But other than that, everybody just ignored North Korea. An intervention was out of the question; North Korea had essentially achieved full deterrence a long time ago, because they had (and still have) several thousand artillery pieces aimed directly at Seoul. And whenever they wanted some concessions internationally, they would take some hostages or sink a ship or shoot down an airplane and bring the peninsula to the brink of war, knowing all the time that any military action against North Korea would result in millions of dead South Koreans and probably the devastation of the growing South Korean economy.

So the DPRK was, in effect, totally safe from outside attack. But they didn't think they were safe. To the Kim regime, the only assurance of complete safety lay in securing nuclear weapons. They knew they could do it; South Africa, India, Pakistan and Israel all acquired nuclear weapons in spite of the NPT. It was just a matter of time and money. The international community was all to eager to continue ignoring them, which solved the "time" part of the equation; the "money" part was hard, considering that they were broke all through the 90s and beyond, but they resorted to selling drugs, sex slaves and pirated CDs (no shit) to supplement government income. Successive attempts to negotiate an end to the North Korean nuclear program were sabotaged largely by North Korea repeatedly breaking any agreement they struck, then starting their brinksmanship cycle again in order to get more concessions in exchange for promises that they would again break. And then, while the world was largely not paying attention, they suddenly detonated a nuclear weapon.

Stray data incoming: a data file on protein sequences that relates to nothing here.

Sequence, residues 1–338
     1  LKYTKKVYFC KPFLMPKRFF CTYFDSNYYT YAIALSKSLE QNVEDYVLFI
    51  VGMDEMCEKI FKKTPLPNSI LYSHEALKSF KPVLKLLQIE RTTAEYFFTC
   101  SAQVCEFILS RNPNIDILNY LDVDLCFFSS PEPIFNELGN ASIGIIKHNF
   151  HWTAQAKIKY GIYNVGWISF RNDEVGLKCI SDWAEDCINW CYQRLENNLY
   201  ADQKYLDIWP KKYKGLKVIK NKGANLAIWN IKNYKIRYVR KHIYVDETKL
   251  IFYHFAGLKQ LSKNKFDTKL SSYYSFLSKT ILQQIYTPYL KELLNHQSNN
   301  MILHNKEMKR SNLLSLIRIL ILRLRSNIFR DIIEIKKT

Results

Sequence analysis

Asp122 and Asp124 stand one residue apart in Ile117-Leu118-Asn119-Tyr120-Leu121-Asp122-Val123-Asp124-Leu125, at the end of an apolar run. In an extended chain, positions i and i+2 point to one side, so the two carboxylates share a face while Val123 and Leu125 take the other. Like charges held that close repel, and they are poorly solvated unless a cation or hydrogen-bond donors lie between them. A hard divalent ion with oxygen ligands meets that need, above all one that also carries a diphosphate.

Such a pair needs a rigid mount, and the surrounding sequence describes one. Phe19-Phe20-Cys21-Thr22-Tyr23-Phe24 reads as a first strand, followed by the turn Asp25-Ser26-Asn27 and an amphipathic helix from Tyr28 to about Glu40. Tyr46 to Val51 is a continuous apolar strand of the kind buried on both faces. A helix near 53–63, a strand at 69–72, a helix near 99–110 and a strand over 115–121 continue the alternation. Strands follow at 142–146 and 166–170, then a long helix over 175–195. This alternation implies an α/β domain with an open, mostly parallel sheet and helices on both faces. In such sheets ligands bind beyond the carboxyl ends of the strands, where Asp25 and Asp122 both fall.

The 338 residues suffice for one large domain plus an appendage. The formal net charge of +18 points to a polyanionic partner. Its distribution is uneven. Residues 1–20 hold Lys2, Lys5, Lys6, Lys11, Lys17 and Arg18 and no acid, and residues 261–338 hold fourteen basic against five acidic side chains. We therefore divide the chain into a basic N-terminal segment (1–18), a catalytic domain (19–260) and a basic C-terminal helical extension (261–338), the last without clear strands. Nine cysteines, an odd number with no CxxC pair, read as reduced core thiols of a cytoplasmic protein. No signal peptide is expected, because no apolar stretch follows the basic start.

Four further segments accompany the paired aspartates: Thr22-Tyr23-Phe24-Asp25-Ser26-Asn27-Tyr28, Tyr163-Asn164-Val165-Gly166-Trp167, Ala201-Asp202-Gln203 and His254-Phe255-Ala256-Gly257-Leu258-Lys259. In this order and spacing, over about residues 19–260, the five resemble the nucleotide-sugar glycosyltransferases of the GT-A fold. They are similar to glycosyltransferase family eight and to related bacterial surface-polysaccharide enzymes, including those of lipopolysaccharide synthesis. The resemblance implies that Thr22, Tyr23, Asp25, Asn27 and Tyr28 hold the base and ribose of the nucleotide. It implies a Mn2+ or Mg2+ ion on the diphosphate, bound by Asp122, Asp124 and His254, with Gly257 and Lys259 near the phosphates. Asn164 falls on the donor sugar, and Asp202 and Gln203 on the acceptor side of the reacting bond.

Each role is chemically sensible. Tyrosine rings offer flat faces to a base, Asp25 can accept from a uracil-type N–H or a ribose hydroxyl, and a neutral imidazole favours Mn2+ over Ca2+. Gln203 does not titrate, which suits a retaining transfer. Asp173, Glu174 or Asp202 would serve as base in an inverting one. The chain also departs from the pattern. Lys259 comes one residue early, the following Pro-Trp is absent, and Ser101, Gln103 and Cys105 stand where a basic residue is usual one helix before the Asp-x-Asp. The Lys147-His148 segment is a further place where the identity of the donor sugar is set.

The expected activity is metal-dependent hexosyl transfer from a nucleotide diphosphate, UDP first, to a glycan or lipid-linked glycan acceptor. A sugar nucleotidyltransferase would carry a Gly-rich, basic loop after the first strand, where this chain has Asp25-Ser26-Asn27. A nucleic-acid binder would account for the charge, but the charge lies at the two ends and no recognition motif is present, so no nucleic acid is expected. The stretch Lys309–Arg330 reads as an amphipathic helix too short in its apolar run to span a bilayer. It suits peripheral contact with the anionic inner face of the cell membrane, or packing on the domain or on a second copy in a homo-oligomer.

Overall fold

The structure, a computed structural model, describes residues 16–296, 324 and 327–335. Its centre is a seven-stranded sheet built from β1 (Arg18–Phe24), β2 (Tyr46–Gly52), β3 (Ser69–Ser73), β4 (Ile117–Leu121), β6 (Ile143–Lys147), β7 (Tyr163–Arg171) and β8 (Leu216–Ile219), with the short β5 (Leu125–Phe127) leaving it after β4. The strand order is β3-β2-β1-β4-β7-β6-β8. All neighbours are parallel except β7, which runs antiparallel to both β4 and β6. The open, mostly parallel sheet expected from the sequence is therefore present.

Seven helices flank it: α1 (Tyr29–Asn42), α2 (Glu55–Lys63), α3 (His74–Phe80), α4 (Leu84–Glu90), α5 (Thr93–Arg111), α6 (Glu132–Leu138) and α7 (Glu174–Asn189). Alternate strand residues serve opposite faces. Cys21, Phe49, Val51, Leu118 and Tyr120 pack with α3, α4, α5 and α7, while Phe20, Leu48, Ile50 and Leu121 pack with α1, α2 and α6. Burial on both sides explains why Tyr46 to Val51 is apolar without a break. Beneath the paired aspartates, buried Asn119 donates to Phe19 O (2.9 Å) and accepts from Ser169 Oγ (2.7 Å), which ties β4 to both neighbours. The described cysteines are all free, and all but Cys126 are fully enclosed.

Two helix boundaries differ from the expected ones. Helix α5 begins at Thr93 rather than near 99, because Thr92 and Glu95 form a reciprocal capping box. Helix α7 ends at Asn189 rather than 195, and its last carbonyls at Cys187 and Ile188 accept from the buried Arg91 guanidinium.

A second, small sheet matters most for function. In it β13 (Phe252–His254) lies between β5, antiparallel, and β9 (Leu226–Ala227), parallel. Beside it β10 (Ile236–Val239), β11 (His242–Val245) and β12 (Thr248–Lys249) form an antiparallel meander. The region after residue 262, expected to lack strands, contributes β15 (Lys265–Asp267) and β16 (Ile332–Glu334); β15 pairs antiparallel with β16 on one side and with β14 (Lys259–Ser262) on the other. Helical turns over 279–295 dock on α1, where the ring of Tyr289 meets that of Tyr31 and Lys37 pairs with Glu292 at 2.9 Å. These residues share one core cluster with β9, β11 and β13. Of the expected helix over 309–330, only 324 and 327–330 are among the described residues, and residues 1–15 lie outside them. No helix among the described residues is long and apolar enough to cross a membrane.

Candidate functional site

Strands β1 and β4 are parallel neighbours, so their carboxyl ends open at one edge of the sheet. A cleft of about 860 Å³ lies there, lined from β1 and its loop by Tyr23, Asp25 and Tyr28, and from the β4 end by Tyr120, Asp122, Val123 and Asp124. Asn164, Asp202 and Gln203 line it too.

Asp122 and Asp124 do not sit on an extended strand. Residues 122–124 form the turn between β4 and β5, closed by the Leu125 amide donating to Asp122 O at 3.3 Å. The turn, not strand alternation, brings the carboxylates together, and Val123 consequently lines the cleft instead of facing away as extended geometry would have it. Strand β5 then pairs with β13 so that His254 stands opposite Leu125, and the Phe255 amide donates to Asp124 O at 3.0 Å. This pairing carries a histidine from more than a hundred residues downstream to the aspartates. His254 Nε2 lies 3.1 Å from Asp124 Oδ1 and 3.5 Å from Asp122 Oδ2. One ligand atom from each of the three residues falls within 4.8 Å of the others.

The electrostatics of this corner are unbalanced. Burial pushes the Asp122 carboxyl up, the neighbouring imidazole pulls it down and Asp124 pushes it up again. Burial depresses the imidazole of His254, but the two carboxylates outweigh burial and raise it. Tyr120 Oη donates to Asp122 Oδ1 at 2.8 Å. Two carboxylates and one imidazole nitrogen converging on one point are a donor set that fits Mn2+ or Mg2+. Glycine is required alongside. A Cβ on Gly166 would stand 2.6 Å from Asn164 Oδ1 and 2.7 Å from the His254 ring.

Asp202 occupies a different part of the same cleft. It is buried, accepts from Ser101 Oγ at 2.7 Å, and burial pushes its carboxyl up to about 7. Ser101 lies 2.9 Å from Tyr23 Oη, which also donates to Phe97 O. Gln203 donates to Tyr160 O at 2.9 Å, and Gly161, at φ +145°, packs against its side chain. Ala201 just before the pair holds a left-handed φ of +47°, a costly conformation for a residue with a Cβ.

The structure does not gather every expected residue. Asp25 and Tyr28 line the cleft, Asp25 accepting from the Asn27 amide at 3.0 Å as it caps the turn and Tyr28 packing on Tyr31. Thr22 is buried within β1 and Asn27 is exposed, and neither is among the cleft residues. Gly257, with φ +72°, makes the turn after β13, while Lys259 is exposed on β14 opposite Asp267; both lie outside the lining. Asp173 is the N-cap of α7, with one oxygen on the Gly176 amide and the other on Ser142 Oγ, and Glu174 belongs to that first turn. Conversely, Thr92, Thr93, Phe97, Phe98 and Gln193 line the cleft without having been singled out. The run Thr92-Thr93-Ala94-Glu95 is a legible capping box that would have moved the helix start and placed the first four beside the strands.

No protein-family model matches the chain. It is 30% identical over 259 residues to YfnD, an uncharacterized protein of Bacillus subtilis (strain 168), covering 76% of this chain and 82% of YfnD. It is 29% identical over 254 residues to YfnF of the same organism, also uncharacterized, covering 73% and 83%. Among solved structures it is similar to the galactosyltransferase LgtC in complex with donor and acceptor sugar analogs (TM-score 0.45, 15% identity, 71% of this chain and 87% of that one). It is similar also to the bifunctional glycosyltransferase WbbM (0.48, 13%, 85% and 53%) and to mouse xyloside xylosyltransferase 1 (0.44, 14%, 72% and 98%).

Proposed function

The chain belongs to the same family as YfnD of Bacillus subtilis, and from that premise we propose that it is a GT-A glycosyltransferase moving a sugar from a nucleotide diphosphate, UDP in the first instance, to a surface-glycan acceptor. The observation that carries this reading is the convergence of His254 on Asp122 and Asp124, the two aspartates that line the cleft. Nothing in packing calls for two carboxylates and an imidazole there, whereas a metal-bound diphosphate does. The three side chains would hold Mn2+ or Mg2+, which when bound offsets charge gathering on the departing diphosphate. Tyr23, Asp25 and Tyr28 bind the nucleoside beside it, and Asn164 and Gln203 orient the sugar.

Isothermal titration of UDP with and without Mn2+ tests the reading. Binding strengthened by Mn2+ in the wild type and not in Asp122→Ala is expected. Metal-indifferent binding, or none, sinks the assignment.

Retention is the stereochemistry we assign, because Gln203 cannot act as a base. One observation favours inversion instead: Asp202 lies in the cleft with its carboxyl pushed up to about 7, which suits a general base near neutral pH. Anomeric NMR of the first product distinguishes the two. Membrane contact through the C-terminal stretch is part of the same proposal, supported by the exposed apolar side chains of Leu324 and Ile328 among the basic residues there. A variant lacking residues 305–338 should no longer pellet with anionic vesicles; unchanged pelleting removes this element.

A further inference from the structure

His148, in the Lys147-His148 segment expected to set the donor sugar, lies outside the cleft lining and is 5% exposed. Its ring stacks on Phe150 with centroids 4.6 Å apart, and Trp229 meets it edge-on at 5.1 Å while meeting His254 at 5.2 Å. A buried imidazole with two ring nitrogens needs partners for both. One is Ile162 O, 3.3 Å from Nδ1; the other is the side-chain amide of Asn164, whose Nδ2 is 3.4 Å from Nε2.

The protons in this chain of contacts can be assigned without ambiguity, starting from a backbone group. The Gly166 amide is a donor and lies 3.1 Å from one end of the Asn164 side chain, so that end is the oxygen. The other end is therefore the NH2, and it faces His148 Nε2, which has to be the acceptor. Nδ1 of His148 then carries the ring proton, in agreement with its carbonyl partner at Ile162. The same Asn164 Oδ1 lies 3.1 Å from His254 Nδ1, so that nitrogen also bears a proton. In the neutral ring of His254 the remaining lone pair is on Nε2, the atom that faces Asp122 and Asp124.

"Oh, they're lying," said everyone. And then they did another one, and another. "Okay, they have nukes, but they can't send them anywhere, surely." A few years later, they're testing ballistic missiles. Here comes 2017, we've all been ignoring North Korea and hoping it would just solve itself for literally twenty-seven years, and they test a working ICBM that can carry a nuclear warhead. Suddenly they're a nuclear power. Now they're a threat. Not just to South Koreans or to US soldiers abroad, but to the mainland - to people in Hawaii and California and even Washington DC. Suddenly, a few million dead South Koreans doesn't seem as unthinkable a price as it was before.

The only hope anyone has of avoiding a dangerous new status quo, where North Korea sells nukes to terrorists to pay for its army and engages in ever-more-deadly games of nuclear brinkmanship, lies in Donald Trump. That, my friends, keeps me awake at night.

NK was a threat to SK for that time, but as a result of mutually assured destruction, it was no more likely to cause nuclear war than Eastern Germany and the other minor powers in the eastern bloc. After the cold war there were debates on how to prevent them from Nuclearizing. Under the clinton administration a deal was proposed to provide NK with the means to create their own non-nuclear power supply in exchange for them not nuclearizing, but this was not successful as a result of internal disagreements on the matter, as some congressmen labeled it as 'appeasement'. The US did not support the sunshine policy of Kim Dae-Jung to any great extent, and the US policy against NK became increasingly harsh under Bush Jr who included them in his 'axis of evil'-speech. Like many other bad foreign policies of the time, it continued throughout the Obama administration, and with the LKP coming into in power in South Korea, their policy also became less inclined towards peace. China has been NKs protector since the fall of the soviet union, and their policy has essentially been a guarantee of independence. They will defend North Korea against an attack from the US and its allies, but will not join North Korea in an attack against the south or any other country

Speaking to a South Korean colleague, she said Kim Il-Sung was dangerous, Kim Jon-il was the most calm of the three and Kim Jon-Un was the craziest, threatening everyone, even more the Sung. Like, enough for her to want to leave the peninsula. My country's Prime Ministers continual ratcheting up of difficulty to become a citizen and Jon-Un not following through with threats has encourage Koreans to go back.